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Old 23rd May 2019, 17:14
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How do you propose that the cycle be stopped?
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Old 23rd May 2019, 22:06
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For example, despite the recent takeover offer at a 67-per-cent premium, the company’s share price is still only up 25 per cent over the past five years compared to the near 400-per-cent gain by Air Canada. As a side note, Transat’s return profile looks an awful lot like WestJet’s, as it, too, is only up 38 per cent over the same period.
Except that neither WestJet nor Air Transat were recovering from bankruptcy during the same five year period.

Air Canada has done very well for itself through its restructuring, but for analysts to try and say this somehow hints that AC knows something WJ and AT don't is leading people down the wrong garden path. They've simply returned to profitability, and that's what the 400% increase is for - returning AC stock to the levels where it should be for a national carrier.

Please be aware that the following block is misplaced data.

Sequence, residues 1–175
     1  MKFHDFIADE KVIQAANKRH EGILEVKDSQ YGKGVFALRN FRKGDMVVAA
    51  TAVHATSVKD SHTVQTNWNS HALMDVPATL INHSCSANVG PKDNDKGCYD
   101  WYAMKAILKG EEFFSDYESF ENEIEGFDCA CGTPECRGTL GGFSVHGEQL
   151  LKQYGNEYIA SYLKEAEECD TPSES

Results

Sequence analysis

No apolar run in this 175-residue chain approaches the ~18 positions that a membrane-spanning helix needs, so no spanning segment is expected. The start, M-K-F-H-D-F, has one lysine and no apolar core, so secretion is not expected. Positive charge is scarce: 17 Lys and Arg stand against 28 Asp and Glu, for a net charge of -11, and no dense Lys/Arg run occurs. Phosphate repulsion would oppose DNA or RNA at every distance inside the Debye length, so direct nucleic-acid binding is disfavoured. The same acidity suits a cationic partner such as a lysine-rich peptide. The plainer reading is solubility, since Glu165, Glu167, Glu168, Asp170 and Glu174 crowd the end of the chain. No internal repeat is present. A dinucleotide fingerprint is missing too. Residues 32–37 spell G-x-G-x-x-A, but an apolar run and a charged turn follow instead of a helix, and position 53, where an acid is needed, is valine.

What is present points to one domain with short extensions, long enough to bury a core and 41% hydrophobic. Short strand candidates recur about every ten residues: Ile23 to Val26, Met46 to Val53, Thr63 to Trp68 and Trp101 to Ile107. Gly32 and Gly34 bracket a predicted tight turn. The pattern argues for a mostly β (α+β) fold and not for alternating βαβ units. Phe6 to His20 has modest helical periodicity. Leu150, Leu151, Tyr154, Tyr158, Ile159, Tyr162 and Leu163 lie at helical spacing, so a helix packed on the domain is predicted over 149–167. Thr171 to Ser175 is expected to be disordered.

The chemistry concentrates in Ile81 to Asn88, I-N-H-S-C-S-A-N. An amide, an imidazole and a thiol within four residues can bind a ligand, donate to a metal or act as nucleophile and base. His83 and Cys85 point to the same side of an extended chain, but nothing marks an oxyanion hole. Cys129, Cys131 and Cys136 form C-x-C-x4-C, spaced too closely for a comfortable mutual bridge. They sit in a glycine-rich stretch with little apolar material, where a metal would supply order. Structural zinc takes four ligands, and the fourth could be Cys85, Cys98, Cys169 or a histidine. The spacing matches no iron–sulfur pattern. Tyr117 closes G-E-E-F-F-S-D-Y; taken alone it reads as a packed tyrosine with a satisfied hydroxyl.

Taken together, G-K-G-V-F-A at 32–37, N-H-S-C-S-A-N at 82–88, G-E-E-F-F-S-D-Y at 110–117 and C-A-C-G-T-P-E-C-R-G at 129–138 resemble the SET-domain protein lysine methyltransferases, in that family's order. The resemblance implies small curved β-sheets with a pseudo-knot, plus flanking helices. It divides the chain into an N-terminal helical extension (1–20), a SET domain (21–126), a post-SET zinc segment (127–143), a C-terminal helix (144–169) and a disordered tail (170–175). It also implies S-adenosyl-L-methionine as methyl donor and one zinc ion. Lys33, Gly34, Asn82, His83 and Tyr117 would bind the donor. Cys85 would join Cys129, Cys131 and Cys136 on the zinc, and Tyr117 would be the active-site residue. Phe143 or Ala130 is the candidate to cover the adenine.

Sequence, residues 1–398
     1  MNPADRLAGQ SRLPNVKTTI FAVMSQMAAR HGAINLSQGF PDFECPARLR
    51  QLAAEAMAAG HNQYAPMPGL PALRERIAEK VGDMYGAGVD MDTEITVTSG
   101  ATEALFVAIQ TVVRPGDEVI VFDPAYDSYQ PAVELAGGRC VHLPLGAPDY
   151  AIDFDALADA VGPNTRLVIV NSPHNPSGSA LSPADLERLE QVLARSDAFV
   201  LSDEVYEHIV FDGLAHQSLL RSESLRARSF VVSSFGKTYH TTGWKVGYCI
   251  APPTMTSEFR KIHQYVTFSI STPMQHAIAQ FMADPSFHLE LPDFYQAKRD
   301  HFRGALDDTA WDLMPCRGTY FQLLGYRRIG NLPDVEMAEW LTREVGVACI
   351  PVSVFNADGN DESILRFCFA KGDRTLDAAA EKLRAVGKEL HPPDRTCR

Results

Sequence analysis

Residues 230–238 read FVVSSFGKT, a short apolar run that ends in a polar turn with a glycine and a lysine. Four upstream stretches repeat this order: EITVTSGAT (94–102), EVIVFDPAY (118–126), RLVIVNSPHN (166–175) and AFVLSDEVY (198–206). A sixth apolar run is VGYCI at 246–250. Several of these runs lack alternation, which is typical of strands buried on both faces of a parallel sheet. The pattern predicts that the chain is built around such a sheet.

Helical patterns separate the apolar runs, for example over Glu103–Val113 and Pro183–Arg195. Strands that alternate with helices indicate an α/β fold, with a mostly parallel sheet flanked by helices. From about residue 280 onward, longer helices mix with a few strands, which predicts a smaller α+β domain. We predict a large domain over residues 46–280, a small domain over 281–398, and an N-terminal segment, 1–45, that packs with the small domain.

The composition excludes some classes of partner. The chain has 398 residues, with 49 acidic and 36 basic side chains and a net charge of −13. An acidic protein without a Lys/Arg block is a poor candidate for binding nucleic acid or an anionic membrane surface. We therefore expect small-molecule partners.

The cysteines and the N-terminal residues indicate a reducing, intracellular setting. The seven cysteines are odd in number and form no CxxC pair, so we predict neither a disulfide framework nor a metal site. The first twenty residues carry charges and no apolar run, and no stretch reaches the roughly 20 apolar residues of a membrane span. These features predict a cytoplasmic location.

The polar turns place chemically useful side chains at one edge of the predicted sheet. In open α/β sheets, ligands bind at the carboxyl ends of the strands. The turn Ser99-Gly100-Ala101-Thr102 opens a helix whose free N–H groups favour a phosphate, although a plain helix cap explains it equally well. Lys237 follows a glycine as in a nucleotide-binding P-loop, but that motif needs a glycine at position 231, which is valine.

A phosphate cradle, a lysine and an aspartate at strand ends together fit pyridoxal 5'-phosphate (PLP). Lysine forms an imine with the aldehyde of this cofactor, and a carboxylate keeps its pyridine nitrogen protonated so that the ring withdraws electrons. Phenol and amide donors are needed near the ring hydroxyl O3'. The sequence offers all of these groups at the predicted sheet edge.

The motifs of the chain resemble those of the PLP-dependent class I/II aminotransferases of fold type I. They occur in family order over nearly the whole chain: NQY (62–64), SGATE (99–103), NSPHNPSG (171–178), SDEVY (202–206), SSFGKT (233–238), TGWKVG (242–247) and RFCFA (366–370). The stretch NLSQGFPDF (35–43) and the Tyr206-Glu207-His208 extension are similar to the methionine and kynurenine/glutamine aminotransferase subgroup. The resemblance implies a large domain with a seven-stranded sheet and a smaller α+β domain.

Adjusted for size and market share, I don't think the WJ and AT stock was doing that poorly (they are airline stocks after all!). I doubt in a stable 5-year environment where AC was not recovering from bankruptcy protection, where WJ was not about to be purchased by Onex, and where AT was not in buyout talks, that those three stocks would not have "awfully" similar rates of return.
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Old 23rd May 2019, 23:16
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Originally Posted by +TSRA View Post
Except that neither WestJet nor Air Transat were recovering from bankruptcy during the same five year period.
I saw that too but just let it slide without comment. Generally, this is a badly written and researched article. Or to quote Shakespeare, "It is a tale told by an idiot, full of sound and fury signifying nothing."
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Old 27th May 2019, 15:53